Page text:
We … call for an end to McCarthy-like threats of criminal prosecution against our colleagues based on innuendo and guilt by association, the harassment of scientists by politicians seeking distractions to avoid taking action, and the outright lies being spread about them.
The rhetoric from this letter to the 7 May issue of Science magazine may seem unusually overheated, especially considering it is signed by some 255 members of the U.S. National Academy of Sciences. But the topic is, of course, global warming, and the heat—political and social—has turned up several notches this year, as you know. (Indeed, the firestorm of commentary on the doctored picture of a polar bear on an ice floe that Science chose to accompany the letter is instructive of the tempers spilling out of the climate change discussion of late.) The rhetoric is a sure sign that climate change long ago outgrew the Ivory Tower and now hinges on the court of public opinion, where appearances are as critical as ideas. But that’s well understood; what’s new is that science seems to have moved on to yet another court of opinion where the appearance of fairness trumps all other familiar criteria.
The tipping point for the Science letter was a Civil Investigative Demand (CID) issued in April by the office of Virginia Attorney General Kevin Cuccinelli as part of a fraud investigation of climate change research conducted at the University of Virginia. Specifically, the CID would have the university turn over all documentation, correspondence, work—anything basically—related to five grants stretching back to as much as 11 years ago for climate change research by Michael Mann, a leading climatologist who has since moved on from Charlottesville to Penn State University. The CID gave the university just three months to complete the state’s massive, time-consuming document search.
The outrage from scientists was joined last week by AMS Executive Director Keith Seitter and UCAR President Rick Anthes, whose letter to the UVA president seeks protection of the scientific process, while it is still possible to challenge the CID.
We feel strongly that the actions of the Virginia Attorney General represent an inappropriate use of government authority, and urge you to do everything within your power to uphold the tenets of academic freedom.
The university’s faculty senate, the American Civil Liberties Union, American Association of University Professors, and others had also cautioned that compliance with the CID could compromise academic freedoms. Even one of Mann’s most persistent critics (aimed mostly at his “hockey stick” graph of rising temperatures that has gotten considerable exposure through the IPCC and other citations) has condemned Cuccinelli’s tactic. On Friday, UVA administrators announced they would use private funds for legal representation in this matter, saying “Research universities must defend the privilege of academic freedom in the creation of new knowledge.”
At the same time, Nature magazine joined the chorus of protest from scientists with an equally strong editorial in their 13 May issue.
Cuccinelli’s actions against Mann hark back to an era when tobacco companies smeared researchers as part of a sophisticated public relations strategy to raise doubts over the science showing that tobacco caused cancer, and delayed the introduction of smoking curbs for decades. Researchers found themselves bogged down in responding to subpoenas and legal challenges, which deterred others from the field. Climate-change deniers have adopted similar strategies with alacrity and, unfortunately, considerable success.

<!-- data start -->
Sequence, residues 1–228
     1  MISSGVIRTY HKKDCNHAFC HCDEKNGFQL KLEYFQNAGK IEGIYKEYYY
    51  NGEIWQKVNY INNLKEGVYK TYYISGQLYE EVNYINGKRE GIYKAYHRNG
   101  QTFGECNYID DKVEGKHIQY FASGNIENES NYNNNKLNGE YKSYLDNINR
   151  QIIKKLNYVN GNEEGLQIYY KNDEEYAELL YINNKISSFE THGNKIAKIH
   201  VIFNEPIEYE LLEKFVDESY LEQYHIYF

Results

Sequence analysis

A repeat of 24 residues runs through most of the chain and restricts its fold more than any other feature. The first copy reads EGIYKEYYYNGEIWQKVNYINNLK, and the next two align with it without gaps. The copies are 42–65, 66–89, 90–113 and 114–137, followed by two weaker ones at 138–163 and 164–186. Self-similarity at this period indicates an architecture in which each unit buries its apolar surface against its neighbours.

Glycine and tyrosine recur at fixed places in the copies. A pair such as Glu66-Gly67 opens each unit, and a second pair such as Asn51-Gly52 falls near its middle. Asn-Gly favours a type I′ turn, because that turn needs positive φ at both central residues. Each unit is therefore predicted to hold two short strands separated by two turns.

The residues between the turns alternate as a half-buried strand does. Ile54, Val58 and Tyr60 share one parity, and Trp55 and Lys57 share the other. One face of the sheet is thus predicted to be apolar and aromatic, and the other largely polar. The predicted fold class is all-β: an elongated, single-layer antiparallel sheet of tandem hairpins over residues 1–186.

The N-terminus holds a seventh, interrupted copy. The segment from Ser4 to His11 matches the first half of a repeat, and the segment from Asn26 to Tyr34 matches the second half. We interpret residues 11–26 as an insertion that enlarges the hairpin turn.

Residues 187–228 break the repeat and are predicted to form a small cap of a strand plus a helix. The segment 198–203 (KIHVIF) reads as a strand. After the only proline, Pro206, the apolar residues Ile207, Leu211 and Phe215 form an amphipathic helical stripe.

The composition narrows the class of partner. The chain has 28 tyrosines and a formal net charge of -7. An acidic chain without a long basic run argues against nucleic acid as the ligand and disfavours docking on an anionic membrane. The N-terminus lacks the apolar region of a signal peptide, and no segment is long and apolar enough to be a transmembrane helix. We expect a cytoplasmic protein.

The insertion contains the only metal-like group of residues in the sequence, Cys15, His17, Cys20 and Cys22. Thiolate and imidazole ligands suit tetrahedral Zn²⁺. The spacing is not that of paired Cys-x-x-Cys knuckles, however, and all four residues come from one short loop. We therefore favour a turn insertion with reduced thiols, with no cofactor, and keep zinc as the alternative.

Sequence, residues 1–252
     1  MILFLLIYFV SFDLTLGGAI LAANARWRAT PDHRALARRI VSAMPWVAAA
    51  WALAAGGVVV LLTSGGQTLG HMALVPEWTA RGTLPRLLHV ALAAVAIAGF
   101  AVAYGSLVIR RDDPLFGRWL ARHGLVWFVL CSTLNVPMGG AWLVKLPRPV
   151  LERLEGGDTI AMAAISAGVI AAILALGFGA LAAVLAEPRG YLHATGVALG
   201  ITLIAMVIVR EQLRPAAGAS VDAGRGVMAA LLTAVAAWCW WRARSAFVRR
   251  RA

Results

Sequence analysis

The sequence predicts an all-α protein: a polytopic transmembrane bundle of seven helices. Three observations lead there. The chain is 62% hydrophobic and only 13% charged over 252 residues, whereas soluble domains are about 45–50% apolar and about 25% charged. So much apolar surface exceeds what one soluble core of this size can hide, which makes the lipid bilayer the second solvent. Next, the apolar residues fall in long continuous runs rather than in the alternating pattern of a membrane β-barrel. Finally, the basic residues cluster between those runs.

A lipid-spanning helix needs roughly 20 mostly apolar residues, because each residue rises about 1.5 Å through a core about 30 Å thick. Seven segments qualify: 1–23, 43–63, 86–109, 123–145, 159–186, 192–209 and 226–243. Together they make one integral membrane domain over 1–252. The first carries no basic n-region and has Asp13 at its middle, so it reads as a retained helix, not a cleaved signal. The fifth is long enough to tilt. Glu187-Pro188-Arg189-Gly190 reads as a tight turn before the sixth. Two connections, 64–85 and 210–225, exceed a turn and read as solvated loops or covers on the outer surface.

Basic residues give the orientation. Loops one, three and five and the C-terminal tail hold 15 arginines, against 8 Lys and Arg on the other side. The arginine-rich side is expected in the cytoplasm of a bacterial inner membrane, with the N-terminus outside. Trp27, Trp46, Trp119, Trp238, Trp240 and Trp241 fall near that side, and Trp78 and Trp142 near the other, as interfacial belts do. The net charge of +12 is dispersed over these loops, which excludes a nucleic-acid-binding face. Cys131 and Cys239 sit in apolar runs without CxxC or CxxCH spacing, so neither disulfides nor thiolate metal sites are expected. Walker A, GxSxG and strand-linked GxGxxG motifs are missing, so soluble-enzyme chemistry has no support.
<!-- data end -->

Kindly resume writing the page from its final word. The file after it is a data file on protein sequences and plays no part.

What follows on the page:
It is easy to see why Nature considers the Virginia fraud investigation part of a trend. Climate science has gotten more entangled in the legal system since the hacking of emails at East Anglia. In February, three states—Texas, Alabama, and, yes…Virginia—said they would challenge EPA regulation of carbon dioxide as a pollutant. The suit is based on doubts about the validity of anthropogenic climate change fueled by the East Anglia e-mails that were hacked (or stolen or leaked) last fall.
And while the legal system is now a venue for challenging the scientific basis of climate change, scientists in turn are using the same system to respond to attacks on themselves and their work. In March, lawyers for Mann took action to stop internet distribution of a video lampooning one of his emails in the East Anglia servers. Similarly, late last month, Andrew Weaver of the University of British Columbia, one of the lead IPCC authors (and former chief editor of Journal of Climate) filed a libel suit against The National Post of Canada. Dr. Weaver said, “I asked The National Post to do the right thing – to retract a number of recent articles that attributed to me statements I never made, accused me of things I never did, and attacked me for views I never held. To my absolute astonishment, the newspaper refused.”
Already, plenty of words have been spilled on the pitfalls of scientists becoming their own advocates in the policy arena. Now climate change science steps out further, to be evaluated in a system that not so much determines truth as upholds fairness through a competition of advocacy. The rules of the game are even more obscure than before. The ball is officially in someone else’s court, and it is difficult to imagine this is any better for science.